Black sesame seeds
PhytosterolsSFE
(CO2, ethanol)
Anticholesterolemic
Antioxidant
[84, 85]
Microalgae
Spirulina platensisPolyphenols
Carotenoids
Phycobiliproteins
OH; MAE; PEF; UAS; EAE
(water, ethanol)
Antioxidant
Antimicrobial
Anticancer
Anti-inflammatory
[86, 87, 88, 89, 90, 91, 92, 93, 94, 95]
Heterochlorella luteoviridisCarotenoids
Lipids
OH; UAE
(ethanol)
Antioxidant
Anti-inflammatory
[96, 97]
Chorella vulgarisCarotenoids
Polyphenols
PEF; SFE
(CO2, Water, water: ethanol)
Antioxidant
Antimicrobial
Anticancer
Anti-inflammatory
[98, 99, 100, 101]
NannochloropsissppCarotenoids
Chlorophylls
Polyphenols
Proteins
Lipids
UAE; PEF; PLE
(water, ethanol, dimethyl sulfoxide)
Antioxidant
UV-protective
Anti-inflammatory
Anticancer
[102, 103, 104]
Phaeodactylum tricornutumProteins
Pigments
Lipids
Carotenoids
Chlorophylls
Polyphenols
HVED; HHP; PLE, MAE
(water, ethanol, chloroform: methanol)
Antioxidant[17, 105]
Neochloris oleoabundansCarotenoidsPLE
(ethanol)
Antioxidant[106]
Macroalgae
GracilariaSulfated polysaccharidesMaceration by liquid nitrogen
(sodium acetate buffer)
Antioxidant[42]
Laminaria ochroleucaFatty acids
Polyphenols
PLE
(hexane, ethyl acetate, ethanol and ethanol:water)
Antioxidant
Anti-atherogenic
[107]
Ascophyllum nodosum
Laminaria japonica
Lessonia trabeculate
Lessonia nigrecens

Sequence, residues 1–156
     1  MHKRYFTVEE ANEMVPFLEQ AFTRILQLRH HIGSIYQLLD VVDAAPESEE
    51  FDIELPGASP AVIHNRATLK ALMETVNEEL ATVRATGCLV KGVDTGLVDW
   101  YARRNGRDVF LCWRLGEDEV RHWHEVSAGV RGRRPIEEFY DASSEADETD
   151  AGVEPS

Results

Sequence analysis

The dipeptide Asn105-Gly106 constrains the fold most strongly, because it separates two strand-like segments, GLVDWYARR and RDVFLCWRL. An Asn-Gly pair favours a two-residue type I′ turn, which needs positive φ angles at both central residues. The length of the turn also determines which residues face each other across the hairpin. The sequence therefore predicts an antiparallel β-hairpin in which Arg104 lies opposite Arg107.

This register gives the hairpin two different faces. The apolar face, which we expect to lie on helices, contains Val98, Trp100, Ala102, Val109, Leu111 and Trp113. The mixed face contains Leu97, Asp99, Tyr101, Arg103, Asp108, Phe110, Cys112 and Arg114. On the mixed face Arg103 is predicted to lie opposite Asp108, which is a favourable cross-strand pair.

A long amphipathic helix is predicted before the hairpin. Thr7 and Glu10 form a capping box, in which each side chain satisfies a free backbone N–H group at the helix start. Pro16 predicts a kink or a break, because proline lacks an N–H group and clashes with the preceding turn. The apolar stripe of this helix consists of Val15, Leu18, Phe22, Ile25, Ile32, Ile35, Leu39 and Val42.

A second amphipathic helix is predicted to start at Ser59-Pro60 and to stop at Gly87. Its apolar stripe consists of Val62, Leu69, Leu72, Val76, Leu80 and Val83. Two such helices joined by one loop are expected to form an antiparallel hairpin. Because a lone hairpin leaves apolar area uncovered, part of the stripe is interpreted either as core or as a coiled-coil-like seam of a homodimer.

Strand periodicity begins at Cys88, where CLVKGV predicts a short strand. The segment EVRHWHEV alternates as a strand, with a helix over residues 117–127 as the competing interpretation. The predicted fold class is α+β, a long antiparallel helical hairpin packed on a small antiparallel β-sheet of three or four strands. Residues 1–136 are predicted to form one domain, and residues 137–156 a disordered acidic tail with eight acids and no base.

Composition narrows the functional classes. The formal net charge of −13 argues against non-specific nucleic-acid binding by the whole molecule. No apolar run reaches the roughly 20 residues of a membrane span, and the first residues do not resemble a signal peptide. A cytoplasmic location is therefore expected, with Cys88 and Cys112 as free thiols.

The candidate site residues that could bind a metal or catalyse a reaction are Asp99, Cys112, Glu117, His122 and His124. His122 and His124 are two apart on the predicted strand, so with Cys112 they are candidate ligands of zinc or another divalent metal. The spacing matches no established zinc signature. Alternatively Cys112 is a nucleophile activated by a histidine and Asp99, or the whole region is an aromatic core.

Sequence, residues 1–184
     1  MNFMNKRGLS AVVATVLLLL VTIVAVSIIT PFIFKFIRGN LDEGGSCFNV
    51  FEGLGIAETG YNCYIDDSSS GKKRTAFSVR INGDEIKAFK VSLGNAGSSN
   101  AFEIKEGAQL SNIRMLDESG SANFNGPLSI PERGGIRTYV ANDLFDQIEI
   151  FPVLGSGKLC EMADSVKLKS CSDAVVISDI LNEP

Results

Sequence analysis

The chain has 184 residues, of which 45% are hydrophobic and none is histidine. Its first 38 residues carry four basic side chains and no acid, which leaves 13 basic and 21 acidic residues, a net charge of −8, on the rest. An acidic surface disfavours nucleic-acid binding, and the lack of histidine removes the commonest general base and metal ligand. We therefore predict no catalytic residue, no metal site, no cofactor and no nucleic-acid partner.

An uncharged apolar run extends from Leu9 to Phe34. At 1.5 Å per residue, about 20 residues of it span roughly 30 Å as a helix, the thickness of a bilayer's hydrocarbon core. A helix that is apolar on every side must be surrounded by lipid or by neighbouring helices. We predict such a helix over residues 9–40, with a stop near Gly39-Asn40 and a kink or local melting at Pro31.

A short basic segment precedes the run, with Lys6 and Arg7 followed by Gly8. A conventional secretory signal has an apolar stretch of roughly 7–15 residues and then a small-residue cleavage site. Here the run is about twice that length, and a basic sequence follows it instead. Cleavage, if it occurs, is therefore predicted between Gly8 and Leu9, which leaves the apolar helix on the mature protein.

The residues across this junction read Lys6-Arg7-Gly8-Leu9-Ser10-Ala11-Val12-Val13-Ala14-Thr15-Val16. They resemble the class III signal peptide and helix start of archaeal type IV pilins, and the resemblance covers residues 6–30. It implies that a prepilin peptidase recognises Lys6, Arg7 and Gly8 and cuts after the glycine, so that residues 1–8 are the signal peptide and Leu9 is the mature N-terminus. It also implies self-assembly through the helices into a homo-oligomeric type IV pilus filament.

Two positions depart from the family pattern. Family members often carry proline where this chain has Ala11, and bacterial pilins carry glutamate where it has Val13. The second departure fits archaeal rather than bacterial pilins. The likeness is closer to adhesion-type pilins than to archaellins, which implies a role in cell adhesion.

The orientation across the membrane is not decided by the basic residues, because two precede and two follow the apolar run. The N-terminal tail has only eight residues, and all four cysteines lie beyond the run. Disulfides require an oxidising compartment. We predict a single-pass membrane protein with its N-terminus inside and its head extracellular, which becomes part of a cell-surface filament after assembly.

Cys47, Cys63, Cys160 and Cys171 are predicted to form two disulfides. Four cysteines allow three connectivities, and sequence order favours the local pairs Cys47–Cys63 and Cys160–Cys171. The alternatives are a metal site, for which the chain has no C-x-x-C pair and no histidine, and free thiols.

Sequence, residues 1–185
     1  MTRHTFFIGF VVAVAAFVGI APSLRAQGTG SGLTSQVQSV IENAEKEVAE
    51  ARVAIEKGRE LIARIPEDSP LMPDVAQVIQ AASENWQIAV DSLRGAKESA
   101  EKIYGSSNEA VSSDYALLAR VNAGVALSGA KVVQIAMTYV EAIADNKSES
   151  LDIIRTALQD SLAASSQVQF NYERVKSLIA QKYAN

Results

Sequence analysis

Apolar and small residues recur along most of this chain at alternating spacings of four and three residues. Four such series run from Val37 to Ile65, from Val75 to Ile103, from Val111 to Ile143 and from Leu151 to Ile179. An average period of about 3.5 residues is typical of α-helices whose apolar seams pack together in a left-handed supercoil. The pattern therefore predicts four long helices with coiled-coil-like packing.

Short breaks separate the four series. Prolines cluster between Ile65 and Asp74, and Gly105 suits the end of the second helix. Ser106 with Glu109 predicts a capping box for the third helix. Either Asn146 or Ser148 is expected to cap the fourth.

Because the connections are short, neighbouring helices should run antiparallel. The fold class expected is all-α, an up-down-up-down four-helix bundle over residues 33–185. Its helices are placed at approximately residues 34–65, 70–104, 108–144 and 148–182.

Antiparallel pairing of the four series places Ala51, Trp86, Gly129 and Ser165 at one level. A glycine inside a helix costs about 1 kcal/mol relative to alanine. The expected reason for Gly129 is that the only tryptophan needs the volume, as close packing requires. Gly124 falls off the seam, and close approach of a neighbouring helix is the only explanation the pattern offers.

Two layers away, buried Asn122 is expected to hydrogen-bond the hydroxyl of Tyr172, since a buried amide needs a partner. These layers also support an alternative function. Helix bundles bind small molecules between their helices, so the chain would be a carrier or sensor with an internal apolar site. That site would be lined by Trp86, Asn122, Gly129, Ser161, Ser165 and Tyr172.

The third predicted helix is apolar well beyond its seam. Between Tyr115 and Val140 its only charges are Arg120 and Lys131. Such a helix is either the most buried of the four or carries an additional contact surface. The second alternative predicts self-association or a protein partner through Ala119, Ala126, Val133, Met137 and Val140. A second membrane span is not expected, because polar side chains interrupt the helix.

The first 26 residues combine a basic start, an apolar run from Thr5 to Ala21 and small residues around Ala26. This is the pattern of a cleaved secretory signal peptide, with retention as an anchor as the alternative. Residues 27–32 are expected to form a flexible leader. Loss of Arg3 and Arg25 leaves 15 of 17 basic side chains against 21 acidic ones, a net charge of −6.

PolyphenolsMAE
(70% methanol)
Antioxidant
Anti-hyperglycemic
[108]
Fucus serratus
Laminaria digitata
Gracilaria gracilis
Codium fragile
PolyphenolsPLE
(water, ethanol/water, and methanol/water)
Antioxidant
Antiproliferative
[40, 109]
Palmaria palmataProteins
Peptides
EAE
(water)
Antioxidant
Cardioprotective
Anti-inflammatory
Anti-diabetic
[110, 111]
Gelidium pusillumPhycobiliproteinsUAE
(phosphate buffer)
Antioxidant
Anticancer
Anti-inflammatory
[112, 113]

Table 2.

Green processes for antioxidants recovery from some plants, algae and by-products.

MAE, Microwave assisted extraction; UAE, Ultrasound assisted extraction; PLE, Pressurized liquid extraction; SFE, Supercritical fluid extraction; HHP, High hydrostatic pressure; EAE, Enzyme assisted extraction; PEF, Pulsed electric field; HVED, High voltage electrical discharges; OH, Ohmic heating.

Currently, phytochemicals are being used in several commercial applications, like nutraceuticals, food supplements, cosmetic products, food coloring agents, among others. As an example Moringa Olifeiraextract is widely used in cosmetics or bath cosmetics [114]. Pycnogenol® is trade mark for the French pine bark extract, which is used as a food supplement with antioxidant properties [115]. Curcumin (Biocurcumax ®, BCM-95® CURCUGREEN®) is used as coloring agent for food and cosmetics, as well as a nutraceutical [116].